After being on for about half an hour, the picture faded out rapidly. I cut the power quickly. Is this the return of the fault that had killed the original transformer??? The new transformer is running a little hot. Perhaps a bit hotter than I'd like. The boost capacitor, and the first anode decoupling capacitor have both been replaced in the past, it was probably in the 80's at the latest, so I order some up. Replacing these makes no difference, and half an hour later the set cuts out abruptly again, as the line output stage shuts down. I wait for a few minutes, and scope up the line drive signal to the PL504 output valve. It remains strong, even in the fault condition, so something is loading down the line output stage. I change the PL504 and PY88 boost rectifier, and I'm rewarded by more width, so I remove the 100pF cap I'd previously fitted to improve the width. Sadly after a few mins, the line stage once again shuts down. I move the width stabilisation feedback from the direct tap on the transformer, to the capacitively coupled tap. This improves the range of the width control further, but doesn't sort the fault... phut! The set goes off.... I give any remaining suspect components in the line output stage a liberal squirting of freezer (on the cheap).  Sadly it appears the line output transformer can't cut the mustard. It's failing when warm. I'm about to give up. It has taken hours and hours of work to get this far, and I hate to be beaten, but enough is enough.

I made some tea, and studied the circuit diagram again. Nothing is really forthcoming. I decide to cut apart the original Pye transformer to see if I can learn anything from the windings. I make some simple resistance measurements and compare them to the Philips transformer. The winding I'm supplying the HT to is a lot lower resistance than the Pye transformer. It should therefore be drawing more current. I scope up the current flowing into the transformer using a totally inappropriate hall-effect amp-clamp, which appears to tell me there's 2A flowing into the lopt. I suspect there's a lot less than this in reality. I can see there's an unused tap on the primary of the Philips transformer, so I hook up the HT feed to this tap. Now my (lying) current probe tells me there's an amp flowing into the transformer, well that's a change in the right direction. The picture comes up, and stabilises, the width is still good, and stays there .... for hours .... Success at last!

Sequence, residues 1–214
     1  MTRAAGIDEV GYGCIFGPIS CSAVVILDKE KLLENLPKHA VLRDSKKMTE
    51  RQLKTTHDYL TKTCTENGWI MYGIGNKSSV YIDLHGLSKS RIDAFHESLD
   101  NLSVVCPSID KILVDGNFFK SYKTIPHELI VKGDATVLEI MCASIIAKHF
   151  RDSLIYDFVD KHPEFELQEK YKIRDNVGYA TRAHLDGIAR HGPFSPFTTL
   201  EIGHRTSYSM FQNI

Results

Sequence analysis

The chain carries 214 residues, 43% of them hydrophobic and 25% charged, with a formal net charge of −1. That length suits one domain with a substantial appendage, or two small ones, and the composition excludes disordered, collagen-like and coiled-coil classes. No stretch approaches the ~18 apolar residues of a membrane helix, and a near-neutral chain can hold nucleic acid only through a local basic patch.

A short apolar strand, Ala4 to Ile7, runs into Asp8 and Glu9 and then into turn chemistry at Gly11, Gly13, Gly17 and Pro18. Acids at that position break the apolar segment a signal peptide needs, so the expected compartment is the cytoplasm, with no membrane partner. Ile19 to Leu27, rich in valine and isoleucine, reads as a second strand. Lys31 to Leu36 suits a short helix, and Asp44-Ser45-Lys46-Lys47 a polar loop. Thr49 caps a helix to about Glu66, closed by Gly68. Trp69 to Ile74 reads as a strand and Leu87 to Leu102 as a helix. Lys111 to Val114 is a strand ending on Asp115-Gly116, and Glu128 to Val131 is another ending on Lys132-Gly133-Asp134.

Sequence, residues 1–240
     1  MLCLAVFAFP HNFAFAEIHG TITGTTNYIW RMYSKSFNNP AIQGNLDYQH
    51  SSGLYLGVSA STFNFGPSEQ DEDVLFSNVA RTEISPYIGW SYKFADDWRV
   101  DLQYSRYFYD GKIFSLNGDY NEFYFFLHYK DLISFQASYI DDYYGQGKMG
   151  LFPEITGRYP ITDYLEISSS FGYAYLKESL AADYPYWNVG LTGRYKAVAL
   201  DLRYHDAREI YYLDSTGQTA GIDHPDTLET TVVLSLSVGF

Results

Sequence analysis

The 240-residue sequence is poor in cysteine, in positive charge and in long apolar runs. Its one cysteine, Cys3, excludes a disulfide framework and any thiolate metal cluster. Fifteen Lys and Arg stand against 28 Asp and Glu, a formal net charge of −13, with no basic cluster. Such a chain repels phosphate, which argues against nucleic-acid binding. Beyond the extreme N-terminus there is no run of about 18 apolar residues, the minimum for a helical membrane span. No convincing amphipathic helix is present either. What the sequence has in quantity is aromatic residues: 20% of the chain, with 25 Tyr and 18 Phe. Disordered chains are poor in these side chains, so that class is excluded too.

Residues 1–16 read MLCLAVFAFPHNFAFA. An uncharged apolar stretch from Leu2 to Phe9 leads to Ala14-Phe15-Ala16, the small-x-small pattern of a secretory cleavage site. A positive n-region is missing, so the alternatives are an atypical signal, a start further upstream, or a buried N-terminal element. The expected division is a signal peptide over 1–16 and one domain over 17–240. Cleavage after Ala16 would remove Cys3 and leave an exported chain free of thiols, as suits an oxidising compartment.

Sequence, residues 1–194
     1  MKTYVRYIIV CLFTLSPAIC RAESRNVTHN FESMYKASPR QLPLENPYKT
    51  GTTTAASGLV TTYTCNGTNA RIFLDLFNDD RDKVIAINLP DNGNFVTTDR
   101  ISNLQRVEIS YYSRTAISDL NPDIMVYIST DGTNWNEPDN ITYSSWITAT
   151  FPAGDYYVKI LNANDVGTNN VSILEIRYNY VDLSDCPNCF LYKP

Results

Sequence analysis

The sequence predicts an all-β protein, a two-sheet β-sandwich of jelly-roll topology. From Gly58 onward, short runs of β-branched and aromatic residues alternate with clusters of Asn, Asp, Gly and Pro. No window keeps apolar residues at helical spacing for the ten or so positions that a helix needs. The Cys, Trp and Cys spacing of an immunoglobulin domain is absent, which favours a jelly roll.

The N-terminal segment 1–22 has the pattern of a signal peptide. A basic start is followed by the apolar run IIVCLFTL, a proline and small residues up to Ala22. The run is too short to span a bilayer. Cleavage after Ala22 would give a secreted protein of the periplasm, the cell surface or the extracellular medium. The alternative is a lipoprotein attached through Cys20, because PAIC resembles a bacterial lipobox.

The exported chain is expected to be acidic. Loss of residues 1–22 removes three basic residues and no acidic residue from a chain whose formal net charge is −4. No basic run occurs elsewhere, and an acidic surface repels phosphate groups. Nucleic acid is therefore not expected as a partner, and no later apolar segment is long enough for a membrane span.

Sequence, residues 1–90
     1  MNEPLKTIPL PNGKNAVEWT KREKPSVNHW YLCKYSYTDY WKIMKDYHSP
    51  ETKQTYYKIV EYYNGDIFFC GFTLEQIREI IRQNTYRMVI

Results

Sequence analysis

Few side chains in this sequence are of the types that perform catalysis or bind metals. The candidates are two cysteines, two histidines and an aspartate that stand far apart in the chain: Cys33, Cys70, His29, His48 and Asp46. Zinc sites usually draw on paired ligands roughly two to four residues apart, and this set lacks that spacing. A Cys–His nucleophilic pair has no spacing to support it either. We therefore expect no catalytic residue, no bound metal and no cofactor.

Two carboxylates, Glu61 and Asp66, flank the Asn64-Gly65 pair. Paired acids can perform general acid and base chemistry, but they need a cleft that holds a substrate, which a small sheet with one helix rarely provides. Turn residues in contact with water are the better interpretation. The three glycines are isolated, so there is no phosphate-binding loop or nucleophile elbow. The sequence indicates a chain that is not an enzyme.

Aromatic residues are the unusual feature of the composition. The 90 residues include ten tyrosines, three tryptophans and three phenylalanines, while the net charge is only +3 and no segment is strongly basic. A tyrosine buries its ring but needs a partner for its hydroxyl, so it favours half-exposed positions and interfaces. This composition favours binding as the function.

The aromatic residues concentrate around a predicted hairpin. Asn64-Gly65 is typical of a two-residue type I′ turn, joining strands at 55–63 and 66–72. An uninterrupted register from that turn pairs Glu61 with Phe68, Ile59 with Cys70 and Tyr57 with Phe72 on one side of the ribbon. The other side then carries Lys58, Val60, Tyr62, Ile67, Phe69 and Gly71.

So for future reference, here's a quick sketch on how to fit a Philips 300 transformer to a Pye 169!

Some of the guilty & redundant parties...












Obligatory arty valve shots (seem to be getting the hang of this Nikon camera now!)



...and here's a video of the thing in action (maybe not so good with the new camera!)...


Friday, 4 March 2016

Marshall JTM-60 repair.

Steve gave me a lift home from the Indian restaurant with an ulterior motive. There's a duff Marshall amp in the boot, which belongs to a friend of his.

"Makes a noise like a dalek, And. Can you take a look?"


Why not....

Initial tests show it does indeed sound like a dalek. Any audio making it to the speakers is being modulated by huge 100Hz hum.


Removal of the chassis, and I've got a good idea what the fault is. It's no secret I'm not a lover of Mr Marshall's amplifiers. They're OK, but the engineering could be better. This amp dates from 1994, and has a proper valve output stage, 2 EL34's in push-pull, and a smattering of ECC83's doing other things. There's some semi-conductors and op-amps in there too...